As with any operating system, it is only as secure as you make it, therefore running an anti virus on your Linux machine may not be as stupid as it first sounds. Especially if they interact with the dirty Windows boxes on a regular basis. Then again, if you’re purely a Linux shop, enjoy the cleanliness while it lasts.

Introduction to CHMOD – Octal Format

Filed under: General Linux,Quick Linux Tutorials — TheLinuxBlog.com at 1:25 pm on Tuesday, September 25, 2007

CHMOD is used to change permissions on a file. There are three types of permissions read, write, execute and there are three types that permissions can be set for owner, group and other.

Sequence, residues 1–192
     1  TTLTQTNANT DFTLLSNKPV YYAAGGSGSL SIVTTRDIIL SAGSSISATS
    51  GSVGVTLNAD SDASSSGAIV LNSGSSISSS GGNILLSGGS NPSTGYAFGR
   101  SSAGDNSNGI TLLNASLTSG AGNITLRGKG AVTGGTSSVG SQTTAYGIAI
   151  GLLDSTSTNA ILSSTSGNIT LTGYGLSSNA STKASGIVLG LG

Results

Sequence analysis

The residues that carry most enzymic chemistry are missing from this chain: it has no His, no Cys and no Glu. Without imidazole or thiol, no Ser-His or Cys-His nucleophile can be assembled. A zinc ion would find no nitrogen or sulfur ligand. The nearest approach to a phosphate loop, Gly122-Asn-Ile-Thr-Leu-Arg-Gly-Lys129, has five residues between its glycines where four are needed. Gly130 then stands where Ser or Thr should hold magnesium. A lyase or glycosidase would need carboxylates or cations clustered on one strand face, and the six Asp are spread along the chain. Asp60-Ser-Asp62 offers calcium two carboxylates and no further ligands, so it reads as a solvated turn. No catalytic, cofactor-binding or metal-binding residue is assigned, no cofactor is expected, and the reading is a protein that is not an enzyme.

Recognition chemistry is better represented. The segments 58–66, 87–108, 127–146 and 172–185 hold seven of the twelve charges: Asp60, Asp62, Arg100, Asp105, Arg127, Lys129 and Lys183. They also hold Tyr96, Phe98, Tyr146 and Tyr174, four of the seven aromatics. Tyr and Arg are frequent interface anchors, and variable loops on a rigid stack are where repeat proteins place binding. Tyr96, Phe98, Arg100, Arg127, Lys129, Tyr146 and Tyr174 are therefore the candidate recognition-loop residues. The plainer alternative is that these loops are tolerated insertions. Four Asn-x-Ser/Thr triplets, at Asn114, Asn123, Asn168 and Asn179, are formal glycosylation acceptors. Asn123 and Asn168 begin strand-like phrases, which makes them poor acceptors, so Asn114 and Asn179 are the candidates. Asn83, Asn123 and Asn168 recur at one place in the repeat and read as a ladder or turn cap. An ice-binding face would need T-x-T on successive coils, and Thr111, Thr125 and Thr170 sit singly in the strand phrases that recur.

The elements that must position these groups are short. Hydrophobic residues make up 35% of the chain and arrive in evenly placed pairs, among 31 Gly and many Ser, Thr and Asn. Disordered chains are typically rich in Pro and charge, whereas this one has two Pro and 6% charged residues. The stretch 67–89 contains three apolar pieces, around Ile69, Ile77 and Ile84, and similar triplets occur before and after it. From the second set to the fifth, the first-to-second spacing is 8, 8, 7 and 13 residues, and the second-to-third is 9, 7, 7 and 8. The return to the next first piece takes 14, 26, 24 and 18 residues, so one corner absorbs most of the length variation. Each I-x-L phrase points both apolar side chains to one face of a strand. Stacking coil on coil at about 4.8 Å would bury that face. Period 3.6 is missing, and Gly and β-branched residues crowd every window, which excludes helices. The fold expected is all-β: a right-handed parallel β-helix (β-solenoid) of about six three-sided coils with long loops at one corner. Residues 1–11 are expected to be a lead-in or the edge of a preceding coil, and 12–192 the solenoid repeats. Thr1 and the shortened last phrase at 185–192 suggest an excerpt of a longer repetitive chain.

It can be used with a symbolic representation or with an octal number that represents the bits. This blog post features on just the octal format. CHMOD works on most Linux file systems. It is also used on other operating systems such as BSD. Web designers and developers may be familiar with CHMOD as they have to set permissions when uploading files via FTP.

The octal notation can seem quite confusing but is actually very simple.
To figure out the octal format take the following table:

  Owner Group Other
Read 4 4 4
Write 2 2 2
Execute 1 1 1

To figure out the octal method just add up the sum of what you want to set the permissions to.
If you would like to set the permissions for the owner to read, write execute and the group/other to read and execute you would do the following:

  Owner Group Other
Read 4 4 4
Write 2 2 2
Execute 1 1 1
Add: 7 5 5